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On 70th anniversary of D-Day, Obama salutes veterans past and present

President Barack Obama applauds World War II veterans (seated) at the 70th French-American Commemoration D-Day Ceremony at the Normandy American Cemetery and Memorial in Colleville-sur-Mer, on June 6, 2014. REUTERS/Pascal Rossignol 2 / 3
U.S. President Barack Obama (L) and French President Francois Hollande look out over Omaha Beach as they participate in the 70th French-American Commemoration D-Day Ceremony at the Normandy American Cemetery and Memorial in Colleville-sur-Mer on June 6, 2014. REUTERS/Kevin Lamarque3 / 3

COLLEVILLE-SUR-MER, FRANCE - President Barack Obama paid tribute on Friday to U.S. veterans who 70 years ago stormed the beaches of northern France, telling them their spirit of courage and sacrifice is being continued by a new generation of soldiers who have fought in Afghanistan and Iraq.

More than 250 World War II veterans in their late 80s and early 90s, many of them frail, travelled to Omaha Beach to commemorate the 70th anniversary of D-Day.

For most, it probably will be the last time they are able to witness a milestone anniversary of the Allied invasion in northern France that helped bring the defeat of Nazi Germany.

"Whenever the world makes you cynical - stop and think of these men," Obama told the audience of 14,500 people.

A 21-gun salute and a fly-over by F16 fighter jets shook the cemetery, where 9,387 white marble headstones mark graves of American soldiers lost in battle.

"It was here, on these shores, that the tide was turned in that common struggle for freedom," Obama said, recounting the drama and bloodshed of D-Day on the sweeping beach that lies below the cemetery.

Obama told the stories of several veterans, including 82nd Airborne Division paratrooper Kenneth "Rock" Merritt, who is from Oklahoma but now lives in Fayetteville, North Carolina. He was dropped in the dead of night behind enemy lines, one of the first to reach French soil.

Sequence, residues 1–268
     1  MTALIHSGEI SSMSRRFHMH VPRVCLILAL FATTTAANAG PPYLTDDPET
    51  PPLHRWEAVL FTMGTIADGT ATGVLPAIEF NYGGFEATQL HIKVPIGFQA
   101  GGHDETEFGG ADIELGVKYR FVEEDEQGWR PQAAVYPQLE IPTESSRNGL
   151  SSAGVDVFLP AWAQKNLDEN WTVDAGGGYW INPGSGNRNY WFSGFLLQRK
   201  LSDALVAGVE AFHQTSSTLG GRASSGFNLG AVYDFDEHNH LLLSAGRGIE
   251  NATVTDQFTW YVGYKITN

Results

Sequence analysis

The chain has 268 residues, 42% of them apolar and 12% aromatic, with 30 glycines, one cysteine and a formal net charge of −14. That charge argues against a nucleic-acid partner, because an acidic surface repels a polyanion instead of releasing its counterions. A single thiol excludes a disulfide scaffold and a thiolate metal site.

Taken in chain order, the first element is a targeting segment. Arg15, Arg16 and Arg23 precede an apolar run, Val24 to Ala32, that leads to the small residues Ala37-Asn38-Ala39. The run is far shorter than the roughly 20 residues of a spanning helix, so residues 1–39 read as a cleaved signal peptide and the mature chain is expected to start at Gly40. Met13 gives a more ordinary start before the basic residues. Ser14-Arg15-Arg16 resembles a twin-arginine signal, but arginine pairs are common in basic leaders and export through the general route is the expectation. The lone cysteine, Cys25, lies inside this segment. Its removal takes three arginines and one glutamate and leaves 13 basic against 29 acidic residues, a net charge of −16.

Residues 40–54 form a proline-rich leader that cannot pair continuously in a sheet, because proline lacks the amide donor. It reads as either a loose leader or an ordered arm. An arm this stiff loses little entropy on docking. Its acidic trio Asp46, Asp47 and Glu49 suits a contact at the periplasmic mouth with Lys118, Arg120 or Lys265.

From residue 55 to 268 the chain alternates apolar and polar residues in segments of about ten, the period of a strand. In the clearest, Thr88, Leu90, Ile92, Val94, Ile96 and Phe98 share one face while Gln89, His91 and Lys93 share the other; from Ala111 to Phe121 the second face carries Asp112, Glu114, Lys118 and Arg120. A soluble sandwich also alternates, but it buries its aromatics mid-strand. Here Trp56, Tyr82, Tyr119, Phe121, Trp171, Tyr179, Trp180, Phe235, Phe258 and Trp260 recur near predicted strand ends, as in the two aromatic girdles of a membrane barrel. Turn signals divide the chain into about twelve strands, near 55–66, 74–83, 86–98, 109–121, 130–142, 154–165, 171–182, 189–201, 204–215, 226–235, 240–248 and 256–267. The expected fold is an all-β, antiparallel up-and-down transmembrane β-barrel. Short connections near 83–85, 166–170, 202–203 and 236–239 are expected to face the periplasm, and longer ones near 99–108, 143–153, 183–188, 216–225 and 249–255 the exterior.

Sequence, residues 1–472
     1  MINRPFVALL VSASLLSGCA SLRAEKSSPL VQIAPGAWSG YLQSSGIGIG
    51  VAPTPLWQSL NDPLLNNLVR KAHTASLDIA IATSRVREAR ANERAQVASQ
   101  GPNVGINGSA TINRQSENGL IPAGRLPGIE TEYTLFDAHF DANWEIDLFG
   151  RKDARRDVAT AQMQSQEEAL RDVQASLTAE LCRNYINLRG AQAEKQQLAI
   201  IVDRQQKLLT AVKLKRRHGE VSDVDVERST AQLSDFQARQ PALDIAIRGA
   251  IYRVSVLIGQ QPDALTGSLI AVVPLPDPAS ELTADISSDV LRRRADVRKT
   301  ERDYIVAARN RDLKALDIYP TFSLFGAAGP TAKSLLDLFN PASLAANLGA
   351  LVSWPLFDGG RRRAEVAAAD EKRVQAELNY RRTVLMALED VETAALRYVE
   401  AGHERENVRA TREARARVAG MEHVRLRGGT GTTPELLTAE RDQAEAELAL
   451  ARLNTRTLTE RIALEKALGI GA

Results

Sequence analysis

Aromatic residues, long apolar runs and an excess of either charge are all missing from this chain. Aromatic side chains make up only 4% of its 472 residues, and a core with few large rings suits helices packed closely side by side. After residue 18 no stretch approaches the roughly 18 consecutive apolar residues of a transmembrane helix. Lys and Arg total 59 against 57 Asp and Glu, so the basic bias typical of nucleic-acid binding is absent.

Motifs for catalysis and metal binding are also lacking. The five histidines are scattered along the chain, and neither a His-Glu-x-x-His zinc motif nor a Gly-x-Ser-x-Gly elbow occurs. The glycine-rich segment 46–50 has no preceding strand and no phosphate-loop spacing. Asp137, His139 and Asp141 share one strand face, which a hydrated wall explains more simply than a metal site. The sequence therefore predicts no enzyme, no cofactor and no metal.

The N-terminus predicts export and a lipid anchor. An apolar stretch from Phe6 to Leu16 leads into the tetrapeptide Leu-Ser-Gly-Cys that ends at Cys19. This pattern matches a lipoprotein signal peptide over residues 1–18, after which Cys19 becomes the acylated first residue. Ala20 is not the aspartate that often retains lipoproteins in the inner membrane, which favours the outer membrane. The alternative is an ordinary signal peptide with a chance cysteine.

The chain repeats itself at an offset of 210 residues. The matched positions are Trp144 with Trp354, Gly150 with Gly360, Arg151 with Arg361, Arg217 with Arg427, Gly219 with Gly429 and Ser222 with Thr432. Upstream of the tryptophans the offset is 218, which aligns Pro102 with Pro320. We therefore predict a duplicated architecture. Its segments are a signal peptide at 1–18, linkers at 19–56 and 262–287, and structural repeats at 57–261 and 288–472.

Merritt, now 90, said he remembered how dark it was, and how terrifying: "Oh hell, I was standing in that plane, 2:30 in the morning, and it was rocking people sick, bullets flying everywhere, and I prayed to God to live 'til daylight," he said in an interview.

"Some guy said, 'Rock, what do you want to live to daylight for?' I said, "I want to see who's trying to kill me.'"

It was Merritt's first time at a D-Day ceremony in Normandy and only his second time back since the war.

"I've got a lot of people out there," Merritt said. "I think about them all the time."

Obama has a deeply personal connection to veterans. His grandfather Stanley Dunham, who helped raise Obama, fought in World War II, serving in France six weeks after D-Day.

"I don't think there's a time where I miss my grandfather more, where I'd be more happy to have him here, than this day," Obama said in extemporaneous remarks, coming close to choking up.

His time in office has been defined by the struggle to end lengthy wars in Iraq and Afghanistan, wars that began after the Sept. 11, 2001 attacks on the United States.

Lately, Obama has grappled with a scandal over cover-ups of waiting times for veterans seeking medical care. He has faced a backlash over a deal made with the Taliban to release Sergeant Bowe Bergdahl, a prisoner-of-war in Afghanistan.

Obama has called meeting with wounded veterans the "most searing moments of my presidency."

In his speech, he described the heroism of several of the new generation of veterans, including Sergeant First Class Cory Remsburg, whom Obama first met at the 65th anniversary of D-Day.

A few months later, Remsburg was almost killed by a roadside bomb in Afghanistan. He has since re-learned to speak and walk.

"This generation - this 9/11 generation of service members - they, too, felt some tug. They answered some call," Obama told the older veterans.

"I want each of you to know that your legacy is in good hands."


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